Briefing from Cabinet Members
The Cabinet Member for Customer and Regulatory Services told Members that the planning department had recently undergone a peer review, organised by the LGA, which involved three intensive days, looking the whole planning process, and speaking to the team, planners, agents, and other stakeholders. Feedback was good, particularly the relationship between planners and agents, and the recommendations will be taken seriously and acted upon. It was all in all a very positive exercise, and he thanked officers, in particular Liam Jones and Tracey Birkinshaw, and all community stakeholders, including the parish councils and the Civic Society.
The Cabinet Member for Climate Emergency thanked the team working on the Cheltenham Zero partnership, saying there had been some huge progress this month, including new packs being launched and new training made available. She said the project is taking off in a significant way, and small businesses and community groups were beginning to feel the benefits. She hoped to bring news of more exciting developments soon.
The Cabinet Member for Safety and Communities was delighted to say that Big Local – the St Peter’s and The Moors partnership – had now had its charity status approved by the Charity Commission, which would enable it to draw down funds from elsewhere.
She also wished all the women of Cheltenham a happy International Women’s Day for Wednesday, and thanked male colleagues for their support.
The Cabinet Member for Economic Development, Culture, Tourism and Wellbeing briefed Members on three items:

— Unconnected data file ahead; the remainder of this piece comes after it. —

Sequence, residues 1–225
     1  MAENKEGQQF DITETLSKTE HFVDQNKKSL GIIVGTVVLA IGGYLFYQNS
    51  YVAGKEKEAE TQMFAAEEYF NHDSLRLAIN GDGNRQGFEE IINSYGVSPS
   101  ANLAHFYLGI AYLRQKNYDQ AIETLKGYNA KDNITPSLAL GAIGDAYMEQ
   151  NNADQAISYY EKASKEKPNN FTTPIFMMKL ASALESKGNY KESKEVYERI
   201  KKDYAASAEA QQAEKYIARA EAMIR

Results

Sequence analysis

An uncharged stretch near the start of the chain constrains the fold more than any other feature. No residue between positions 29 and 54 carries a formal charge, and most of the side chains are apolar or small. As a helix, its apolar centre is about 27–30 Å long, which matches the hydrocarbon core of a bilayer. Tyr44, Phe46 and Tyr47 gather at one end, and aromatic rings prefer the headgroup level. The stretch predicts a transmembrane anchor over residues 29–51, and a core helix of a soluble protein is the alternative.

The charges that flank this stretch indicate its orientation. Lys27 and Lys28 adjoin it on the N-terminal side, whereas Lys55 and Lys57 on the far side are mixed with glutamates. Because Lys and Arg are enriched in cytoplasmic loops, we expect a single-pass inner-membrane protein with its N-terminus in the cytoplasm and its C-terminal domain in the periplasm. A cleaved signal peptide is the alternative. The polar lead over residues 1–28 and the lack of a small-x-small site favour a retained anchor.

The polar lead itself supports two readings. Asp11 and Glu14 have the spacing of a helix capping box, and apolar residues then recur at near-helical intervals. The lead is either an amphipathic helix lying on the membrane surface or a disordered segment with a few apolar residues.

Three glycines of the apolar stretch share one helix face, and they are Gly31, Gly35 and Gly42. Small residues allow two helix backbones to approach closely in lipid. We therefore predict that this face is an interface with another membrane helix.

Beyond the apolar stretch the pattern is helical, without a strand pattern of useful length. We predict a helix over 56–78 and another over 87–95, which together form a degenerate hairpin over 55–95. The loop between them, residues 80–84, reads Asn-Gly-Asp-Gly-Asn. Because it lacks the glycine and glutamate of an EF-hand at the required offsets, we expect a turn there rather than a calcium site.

- thanks to the cyber businesses who were kind enough to host a recent round-table event at Gloucestershire College. It was a valuable session, attended by both mature businesses and interesting new start-ups. He thanked CyNam and Hub 8 for helping to facilitate the work;
- he had been working for some time with Lansdown Art Studio, and talking with planning officers about how to secure its future, at risk from the planning application on the site. He was pleased to say that a significant progress had been made, and was nearly at the stage where it could be said that the studio was secured. He thanked planning officers for taking on the interesting task of preserving this cultural asset;
- with Race Week imminent, he advised Members that the ‘War on Wee’ would be stepping up a gear with a strong media presence in the next few days, and including hydrophobic paint to discourage this antisocial behaviour.
The Cabinet Member for Cyber, Regeneration and Commercial Income echoed the Cabinet Member for Customer and Regulatory Services comments about the planning peer review – it was very interesting, and good to hear other people’s opinions. He looked forward to the outcome.
Decisions of Cabinet Members
The Cabinet Member for Economic Development, Culture, Tourism and Wellbeing reported on his decision to enter into a licence agreement with Network Rail and Great Western Railway in order to extend the former Honeybourne Line, paying tribute to officers for their hard work. He added a caveat that this was now very much down to Network Rail and Great Western Railway, and that he hoped to see progress by the end of the month.
The Cabinet Member for Waste, Recycling and Street Services said that the waste and recycling service was Ubico’s largest single ongoing expenditure, mitigated by getting the best possible price for what is collected. His decision to award a three-year contract to Plan B, a specialist recycling materials broker service, would provide the most advantageous terms in future, in line with CBC’s climate emergency commitments.
The Cabinet Member for Customer and Regulatory Services told Members that although the proposed reforms set out in the Levelling Up and Regeneration Bill: Reforms to National Planning Policy 2022 were mixed – some positive, some more difficult - the council had made a good and authoritative response to the consultation, and his decision to formally submit this was taken on 3 March.